Hire in Japan
Japan PEO &
Employer of Record
Hire & manage teams remotely in Japan without a local entity. We handle HR compliance, payroll & taxes so you can focus on your business.
Hire Employees in Japan
The NNRoad Advantage ☺
Pay as you go
Global account manager
Employer of Record in Japan
Compliance & Payroll
Recruiting process outsourcing – including but not limited to resume screening, shortlisting candidates, coordination for interviews, and assistance for salary negotiation.
Hiring and termination of employees/local labor contracts (contract administration – engagement, extension termination and conversion to permanent hire).
On-boarding and off-boarding employees following labor law practice.
Complete payroll solution and benefit administration
Employee management – employee record retaining, time keeping, bonus and allowance management, expense and claims, and leave employee database management accordingly to the local law.
Mandatory insurance compliance (i.e. pension, labor and health insurance) according to the local labor laws.
Payment management (Invoicing customers/clients and vendor payments).
Work VISA application assistance, if needed.
Local individual income tax reporting.
Payroll & PEO in Japan
Compliance & Payroll
Registering the necessary company and personnel information for payroll calculation in the payroll software and system
Monthly Payroll Processing
Year-End Adjustment and Annual Declaration
Taxes & Payroll in Japan
Employee Income Taxes:
The tax year in Japan runs from January 1 to December 31, and tax returns must be filed by March 15 of the following year. The standard deduction for the tax year is JPY 380,000, while the taxable income is calculated based on one’s salary and any other sources of income such as investment profits.
The tax rate ranges from 5% to 45%, with the maximum rate applied to those earning over JPY 40 million per year. Additionally, there are various deductions and credits available to taxpayers, such as deductions for spouse, dependents, and charitable donations, which can lower one’s overall tax liability.
10%: 1,950,000 – 3,300,000 JPY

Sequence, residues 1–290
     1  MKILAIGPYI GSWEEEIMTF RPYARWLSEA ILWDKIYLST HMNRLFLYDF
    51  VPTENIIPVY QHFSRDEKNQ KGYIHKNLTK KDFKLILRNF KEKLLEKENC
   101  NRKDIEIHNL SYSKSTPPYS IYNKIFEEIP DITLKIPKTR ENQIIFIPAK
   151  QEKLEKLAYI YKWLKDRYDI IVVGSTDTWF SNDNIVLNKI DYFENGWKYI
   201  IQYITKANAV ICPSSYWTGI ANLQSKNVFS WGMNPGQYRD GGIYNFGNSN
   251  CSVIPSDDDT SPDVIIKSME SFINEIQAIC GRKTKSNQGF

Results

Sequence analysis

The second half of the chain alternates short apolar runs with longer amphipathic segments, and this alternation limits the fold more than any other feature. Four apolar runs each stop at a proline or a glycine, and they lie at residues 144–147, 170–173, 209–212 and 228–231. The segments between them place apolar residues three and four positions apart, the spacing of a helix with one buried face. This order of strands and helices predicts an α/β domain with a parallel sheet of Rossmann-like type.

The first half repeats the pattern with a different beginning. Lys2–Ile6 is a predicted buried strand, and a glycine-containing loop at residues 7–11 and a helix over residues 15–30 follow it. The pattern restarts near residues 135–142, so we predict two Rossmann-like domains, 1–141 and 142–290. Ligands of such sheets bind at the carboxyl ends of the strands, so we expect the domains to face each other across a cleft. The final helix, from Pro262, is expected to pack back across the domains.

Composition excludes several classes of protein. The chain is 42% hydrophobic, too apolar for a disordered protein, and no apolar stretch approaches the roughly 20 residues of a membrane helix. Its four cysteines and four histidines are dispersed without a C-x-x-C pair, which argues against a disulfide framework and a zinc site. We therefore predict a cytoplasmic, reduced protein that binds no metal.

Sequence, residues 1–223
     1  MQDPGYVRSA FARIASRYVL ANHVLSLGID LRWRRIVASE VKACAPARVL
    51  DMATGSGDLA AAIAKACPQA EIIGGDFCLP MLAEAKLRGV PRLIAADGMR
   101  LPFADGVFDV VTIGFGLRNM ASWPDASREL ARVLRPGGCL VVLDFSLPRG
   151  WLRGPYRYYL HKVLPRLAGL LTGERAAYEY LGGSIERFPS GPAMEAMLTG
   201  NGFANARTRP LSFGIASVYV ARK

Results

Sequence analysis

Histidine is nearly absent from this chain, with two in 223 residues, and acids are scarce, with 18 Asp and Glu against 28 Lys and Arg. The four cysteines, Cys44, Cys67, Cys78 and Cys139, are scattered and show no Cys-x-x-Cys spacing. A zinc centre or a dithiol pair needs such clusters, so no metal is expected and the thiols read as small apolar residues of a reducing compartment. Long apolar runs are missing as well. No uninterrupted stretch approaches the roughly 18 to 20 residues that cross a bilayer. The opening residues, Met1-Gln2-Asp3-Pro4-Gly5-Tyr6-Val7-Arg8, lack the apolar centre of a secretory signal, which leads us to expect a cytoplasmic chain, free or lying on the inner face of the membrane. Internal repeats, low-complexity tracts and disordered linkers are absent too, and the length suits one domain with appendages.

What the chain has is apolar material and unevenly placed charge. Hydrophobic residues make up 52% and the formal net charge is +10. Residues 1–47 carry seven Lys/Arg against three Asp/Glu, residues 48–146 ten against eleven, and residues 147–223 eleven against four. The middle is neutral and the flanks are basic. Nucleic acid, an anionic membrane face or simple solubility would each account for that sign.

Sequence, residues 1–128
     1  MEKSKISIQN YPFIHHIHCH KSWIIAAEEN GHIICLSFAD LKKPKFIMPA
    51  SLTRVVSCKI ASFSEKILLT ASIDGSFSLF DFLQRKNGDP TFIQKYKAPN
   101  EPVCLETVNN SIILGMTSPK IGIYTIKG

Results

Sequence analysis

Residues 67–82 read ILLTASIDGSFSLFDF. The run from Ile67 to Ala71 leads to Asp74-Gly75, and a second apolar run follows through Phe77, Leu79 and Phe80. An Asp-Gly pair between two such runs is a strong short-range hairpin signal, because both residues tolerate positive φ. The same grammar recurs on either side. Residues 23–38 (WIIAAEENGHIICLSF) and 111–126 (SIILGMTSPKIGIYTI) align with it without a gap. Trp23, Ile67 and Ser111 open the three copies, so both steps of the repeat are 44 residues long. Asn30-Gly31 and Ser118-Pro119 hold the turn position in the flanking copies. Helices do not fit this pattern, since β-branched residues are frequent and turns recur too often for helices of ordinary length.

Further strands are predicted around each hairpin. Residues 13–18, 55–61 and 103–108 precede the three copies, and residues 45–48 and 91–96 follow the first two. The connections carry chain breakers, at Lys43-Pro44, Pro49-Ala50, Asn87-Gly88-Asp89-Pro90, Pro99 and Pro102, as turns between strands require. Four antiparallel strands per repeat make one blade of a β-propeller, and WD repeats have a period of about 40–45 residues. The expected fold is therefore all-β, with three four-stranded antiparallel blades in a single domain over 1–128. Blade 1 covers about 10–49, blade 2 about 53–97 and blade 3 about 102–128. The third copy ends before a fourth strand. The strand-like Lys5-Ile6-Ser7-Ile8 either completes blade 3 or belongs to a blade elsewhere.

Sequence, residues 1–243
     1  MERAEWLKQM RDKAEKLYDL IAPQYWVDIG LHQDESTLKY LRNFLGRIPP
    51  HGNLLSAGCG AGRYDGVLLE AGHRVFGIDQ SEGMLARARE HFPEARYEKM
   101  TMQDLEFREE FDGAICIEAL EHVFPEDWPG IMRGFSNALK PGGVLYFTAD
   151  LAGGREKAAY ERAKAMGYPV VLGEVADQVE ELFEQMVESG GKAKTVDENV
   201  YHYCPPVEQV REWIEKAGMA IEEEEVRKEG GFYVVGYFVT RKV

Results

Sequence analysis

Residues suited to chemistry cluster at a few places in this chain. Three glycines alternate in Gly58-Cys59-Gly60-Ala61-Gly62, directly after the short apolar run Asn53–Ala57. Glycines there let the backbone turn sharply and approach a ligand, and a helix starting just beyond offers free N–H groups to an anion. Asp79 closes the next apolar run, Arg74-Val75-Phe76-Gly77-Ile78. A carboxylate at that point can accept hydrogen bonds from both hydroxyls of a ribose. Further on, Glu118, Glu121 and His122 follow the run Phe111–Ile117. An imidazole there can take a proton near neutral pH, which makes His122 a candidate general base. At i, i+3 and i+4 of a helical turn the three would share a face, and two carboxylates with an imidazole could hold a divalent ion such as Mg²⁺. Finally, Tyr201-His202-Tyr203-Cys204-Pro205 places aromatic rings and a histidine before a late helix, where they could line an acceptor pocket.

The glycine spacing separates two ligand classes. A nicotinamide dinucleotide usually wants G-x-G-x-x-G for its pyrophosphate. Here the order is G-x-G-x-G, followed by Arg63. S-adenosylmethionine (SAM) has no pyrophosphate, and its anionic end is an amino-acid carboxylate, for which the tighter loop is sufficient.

20%: 3,300,000 – 6,950,000 JPY
23%: 6,950,000 – 9,000,000 JPY
33%: 9,000,000 – 18,000,000 JPY
40%: 18,000,000 – 40,000,000 JPY
45%: >40,000,000 JPY
33% * 1,000,000 = 330,000
23% * 2,050,000 = 471,500
20% * 3,650,000 = 730,000
10% * 1,350,000 = 135,000
5% * 1,950,000 = 97,500
330,000+471,500+730,000+135,000 = 1,666,500
Yearly income tax = 166,500 JPY
Employer Costs in Japan
Employer costs in Japan can include a variety of expenses related to hiring and maintaining employees. These costs may include salaries and wages, social security contributions, health insurance premiums, and other benefits such as housing allowances and bonuses.
Employers may also be responsible for paying a portion of the cost for employment insurance and workers’ compensation insurance. In Japan, there is also a mandatory government-administered pension system, known as the “Kousei Nenkin,” which requires both employees and employers to contribute a portion of their income to the program.
Overall, the cost of employing workers in Japan can be relatively high compared to other countries, due to the extensive benefits and protections offered to employees under Japanese law. However, many employers find that the investment in their workforce pays off in terms of increased productivity and loyalty from employees.
Employer costs vary in Japan, but the maximum employer contribution ranges between 14% & 15.5% of the employee’s salary.
Employee costs vary in Japan, but the maximum employee contribution ranges between 15% & 17% of the employee’s salary.
Benefits & Insurance in Japan